What is loneliness and how can we overcome it? Explained
Published: 12 November, 2018
Loneliness is that negative feeling that arises when our social needs are unmet by the quantity and quality of our current social relationships. As social beings, we rely on safe, secure social surroundings to survive and thrive. When we begin to feel lonely we experience heightened feelings of vulnerability, which can take a toll on both our bodies and our minds.
Loneliness is common, affecting around 1 in 4 Australians. For some it may be temporary, and for others it may be more long term. The subjective nature of loneliness means that people can live relatively solitary lives and not feel lonely while others may lead a seemingly rich social life and feel quite the opposite. Loneliness is not a sign of vulnerability, fragility, or weakness, nor does it occur only in people who are physically isolated or old. We can have many people around us and still feel lonely.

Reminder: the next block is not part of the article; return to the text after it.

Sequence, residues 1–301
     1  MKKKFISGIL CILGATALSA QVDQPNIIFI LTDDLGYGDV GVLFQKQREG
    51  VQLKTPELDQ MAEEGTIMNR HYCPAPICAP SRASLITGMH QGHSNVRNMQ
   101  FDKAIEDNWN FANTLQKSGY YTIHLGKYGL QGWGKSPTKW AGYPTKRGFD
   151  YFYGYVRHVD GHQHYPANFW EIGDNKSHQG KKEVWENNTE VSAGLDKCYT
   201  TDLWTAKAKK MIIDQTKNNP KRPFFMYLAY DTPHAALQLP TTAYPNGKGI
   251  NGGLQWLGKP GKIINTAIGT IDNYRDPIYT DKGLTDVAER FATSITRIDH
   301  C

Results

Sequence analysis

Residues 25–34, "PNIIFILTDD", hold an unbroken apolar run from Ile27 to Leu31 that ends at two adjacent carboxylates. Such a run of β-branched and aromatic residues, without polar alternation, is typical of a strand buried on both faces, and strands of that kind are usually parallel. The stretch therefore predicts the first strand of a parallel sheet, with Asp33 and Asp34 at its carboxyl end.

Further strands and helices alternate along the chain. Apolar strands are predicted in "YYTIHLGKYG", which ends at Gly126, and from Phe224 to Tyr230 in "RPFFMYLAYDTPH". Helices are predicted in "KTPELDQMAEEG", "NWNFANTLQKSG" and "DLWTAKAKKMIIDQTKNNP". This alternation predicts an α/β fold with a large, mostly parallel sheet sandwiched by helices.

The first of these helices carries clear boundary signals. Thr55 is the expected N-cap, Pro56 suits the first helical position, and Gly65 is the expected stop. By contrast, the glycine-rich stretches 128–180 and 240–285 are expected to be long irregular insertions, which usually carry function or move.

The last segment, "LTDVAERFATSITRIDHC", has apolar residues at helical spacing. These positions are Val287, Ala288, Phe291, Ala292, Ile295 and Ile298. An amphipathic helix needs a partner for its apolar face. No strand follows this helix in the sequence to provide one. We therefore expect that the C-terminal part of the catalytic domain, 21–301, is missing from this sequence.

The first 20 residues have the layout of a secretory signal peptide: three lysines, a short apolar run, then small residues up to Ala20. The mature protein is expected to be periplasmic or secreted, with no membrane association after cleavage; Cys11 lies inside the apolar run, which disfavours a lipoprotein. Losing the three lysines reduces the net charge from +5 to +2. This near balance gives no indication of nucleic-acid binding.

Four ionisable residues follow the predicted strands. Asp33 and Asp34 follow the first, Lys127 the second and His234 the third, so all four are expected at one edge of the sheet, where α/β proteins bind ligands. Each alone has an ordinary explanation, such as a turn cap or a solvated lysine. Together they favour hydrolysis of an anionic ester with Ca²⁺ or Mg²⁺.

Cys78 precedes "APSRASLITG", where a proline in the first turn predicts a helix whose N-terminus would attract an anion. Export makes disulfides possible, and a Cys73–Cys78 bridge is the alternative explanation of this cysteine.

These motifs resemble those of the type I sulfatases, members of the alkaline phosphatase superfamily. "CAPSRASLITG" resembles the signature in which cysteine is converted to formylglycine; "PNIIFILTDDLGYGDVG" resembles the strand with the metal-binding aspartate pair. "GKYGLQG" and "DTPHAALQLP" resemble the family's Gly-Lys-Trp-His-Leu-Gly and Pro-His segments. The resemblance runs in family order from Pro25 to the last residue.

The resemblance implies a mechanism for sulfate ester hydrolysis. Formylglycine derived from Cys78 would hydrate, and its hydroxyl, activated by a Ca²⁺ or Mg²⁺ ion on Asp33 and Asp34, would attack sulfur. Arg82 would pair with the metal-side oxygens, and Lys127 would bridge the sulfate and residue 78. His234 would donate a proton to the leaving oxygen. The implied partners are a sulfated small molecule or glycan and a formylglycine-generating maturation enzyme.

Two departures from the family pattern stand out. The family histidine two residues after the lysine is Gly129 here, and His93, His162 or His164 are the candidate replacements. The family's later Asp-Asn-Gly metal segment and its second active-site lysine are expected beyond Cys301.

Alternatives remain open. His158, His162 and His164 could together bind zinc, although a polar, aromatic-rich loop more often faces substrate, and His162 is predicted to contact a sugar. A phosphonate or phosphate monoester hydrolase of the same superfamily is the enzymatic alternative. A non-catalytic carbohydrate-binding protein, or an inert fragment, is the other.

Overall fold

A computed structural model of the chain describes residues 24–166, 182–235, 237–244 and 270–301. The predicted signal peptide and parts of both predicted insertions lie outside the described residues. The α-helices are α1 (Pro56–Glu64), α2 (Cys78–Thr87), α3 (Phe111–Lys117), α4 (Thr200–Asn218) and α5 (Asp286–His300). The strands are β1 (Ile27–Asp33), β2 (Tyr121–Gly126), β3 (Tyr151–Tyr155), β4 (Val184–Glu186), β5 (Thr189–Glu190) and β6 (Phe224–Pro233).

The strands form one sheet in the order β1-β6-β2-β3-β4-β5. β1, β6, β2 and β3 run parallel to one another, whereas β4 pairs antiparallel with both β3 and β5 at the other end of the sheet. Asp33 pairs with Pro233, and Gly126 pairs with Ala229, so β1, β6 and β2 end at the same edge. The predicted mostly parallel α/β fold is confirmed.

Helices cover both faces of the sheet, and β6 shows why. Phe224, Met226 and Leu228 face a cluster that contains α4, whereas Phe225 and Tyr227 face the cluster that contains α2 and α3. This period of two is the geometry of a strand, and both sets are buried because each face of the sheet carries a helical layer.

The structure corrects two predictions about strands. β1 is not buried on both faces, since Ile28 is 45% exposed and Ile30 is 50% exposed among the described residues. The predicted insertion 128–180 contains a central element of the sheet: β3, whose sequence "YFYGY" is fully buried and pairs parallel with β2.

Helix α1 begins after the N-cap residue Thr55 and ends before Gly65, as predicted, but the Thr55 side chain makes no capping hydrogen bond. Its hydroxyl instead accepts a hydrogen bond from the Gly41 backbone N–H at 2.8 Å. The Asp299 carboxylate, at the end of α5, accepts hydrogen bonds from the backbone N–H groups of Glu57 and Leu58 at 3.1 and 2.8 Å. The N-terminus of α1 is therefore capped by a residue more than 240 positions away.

Who’s at risk of experiencing loneliness?
Anyone can experience loneliness at different times in their lives, but some people are more at risk. In old age it’s common for people to experience social isolation and loneliness, either as a result of living alone, a lack of close family ties, reduced connections with their culture of origin, or an inability (often through lack of transport) to actively participate in the local community.
What may be surprising though is that in the UK, figures released in April 2018 highlighted young people aged 15-25 as a group in which loneliness was most common. In Australia (where research into loneliness is more limited), a 2015 survey found one in eight young people aged 16–25 reported a very high intensity of loneliness.